Today I used Skype for gaming for the first time and ho-lee-sheet it worked flawlessly — so much better than Hangouts or even Discord. Sure, the interface is awful (it’s Microsoft), but the audio and video were stellar, and that was with one player in Sweden and the rest of us in the States.

(Which maybe doesn’t matter, but I dunno.)

Sold!

26 thoughts on “Today I used Skype for gaming for the first time and ho-lee-sheet it worked flawlessly — so much better than…

  1. Aaron Griffin I’ve mostly used Hangouts, and tried Discord earlier this week. The latter works okay, while the former is always spotty. Granted, my sample size is one instance, but I’m going to stick with it for now.

  2. < ![CDATA[Aaron Griffin I’ve mostly used Hangouts, and tried Discord earlier this week. The latter works okay, while the former is always spotty. Granted, my sample size is one instance, but I’m going to stick with it for now.]]>

  3. This session finally sold me on the idea of online gaming. I mean, I was cool with it before as a good-enough, but this session made me realize that it’s a totally viable way to game.

    Amazing what a good connection will do.

  4. < ![CDATA[This session finally sold me on the idea of online gaming. I mean, I was cool with it before as a good-enough, but this session made me realize that it's a totally viable way to game. Amazing what a good connection will do.]]>

  5. < ![CDATA[I think my favorite part of online gaming is that it removes table chatter and keeps everyone as an audience member of what's happening. This might not be a problem for your groups, but it can be for mine.]]>

  6. Aaron Griffin True! The focus is nice.

    I’m finding talking over each other to still be an issue, especially given the lag as packets travel between players. The best solution I have so far is to just raise my hand so people can see I want to talk. Some sort of baton-passing tech would be nice, though.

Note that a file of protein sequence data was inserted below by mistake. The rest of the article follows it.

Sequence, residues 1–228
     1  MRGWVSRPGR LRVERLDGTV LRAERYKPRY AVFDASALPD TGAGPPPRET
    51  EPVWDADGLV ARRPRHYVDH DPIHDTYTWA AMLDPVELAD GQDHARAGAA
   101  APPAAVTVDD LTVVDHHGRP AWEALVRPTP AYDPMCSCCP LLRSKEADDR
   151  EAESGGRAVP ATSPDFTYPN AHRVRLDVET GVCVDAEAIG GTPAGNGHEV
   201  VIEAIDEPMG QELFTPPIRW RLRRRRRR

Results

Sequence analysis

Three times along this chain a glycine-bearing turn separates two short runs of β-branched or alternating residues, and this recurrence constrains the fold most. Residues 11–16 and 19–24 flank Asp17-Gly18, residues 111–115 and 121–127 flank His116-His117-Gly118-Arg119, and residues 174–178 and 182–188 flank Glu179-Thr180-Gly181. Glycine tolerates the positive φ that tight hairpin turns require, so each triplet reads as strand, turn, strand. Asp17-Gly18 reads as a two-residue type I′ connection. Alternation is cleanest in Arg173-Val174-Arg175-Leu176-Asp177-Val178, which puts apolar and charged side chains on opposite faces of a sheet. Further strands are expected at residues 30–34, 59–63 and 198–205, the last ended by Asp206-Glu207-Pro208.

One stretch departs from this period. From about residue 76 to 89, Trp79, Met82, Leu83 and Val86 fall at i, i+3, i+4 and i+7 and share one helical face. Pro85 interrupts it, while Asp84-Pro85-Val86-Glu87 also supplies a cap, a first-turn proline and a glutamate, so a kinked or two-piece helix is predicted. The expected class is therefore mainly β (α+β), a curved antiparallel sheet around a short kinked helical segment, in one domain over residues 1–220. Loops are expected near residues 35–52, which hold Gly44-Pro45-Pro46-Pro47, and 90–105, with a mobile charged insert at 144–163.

7. < ![CDATA[Aaron Griffin True! The focus is nice. I'm finding talking over each other to still be an issue, especially given the lag as packets travel between players. The best solution I have so far is to just raise my hand so people can see I want to talk. Some sort of baton-passing tech would be nice, though.]]>

  8. I’ve been playing over Skype for a few years now, and I find that with a small group (we’re just three), talking over each other was more of an issue in the beginning than it is now. And we do audio only, so we can’t rely on visual cues. However, we’ve developed a sense of rhythm where we naturally wait an extra beat before speaking up just to make sure the other person is done. We also tend to prompt the other players. So for example, I might be talking and then say something like, “Mike, what do you think?” as a way of passing the baton to the next player and letting the other person know I’m done talking. It doesn’t work all the time, especially when we get excited, but it works pretty well. The only downside is that it’s something that developed naturally over the course of years, so I’m not sure how widely applicable it will be.

  9. < ![CDATA[I've been playing over Skype for a few years now, and I find that with a small group (we're just three), talking over each other was more of an issue in the beginning than it is now. And we do audio only, so we can't rely on visual cues. However, we've developed a sense of rhythm where we naturally wait an extra beat before speaking up just to make sure the other person is done. We also tend to prompt the other players. So for example, I might be talking and then say something like, "Mike, what do you think?" as a way of passing the baton to the next player and letting the other person know I'm done talking. It doesn't work all the time, especially when we get excited, but it works pretty well. The only downside is that it's something that developed naturally over the course of years, so I'm not sure how widely applicable it will be.]]>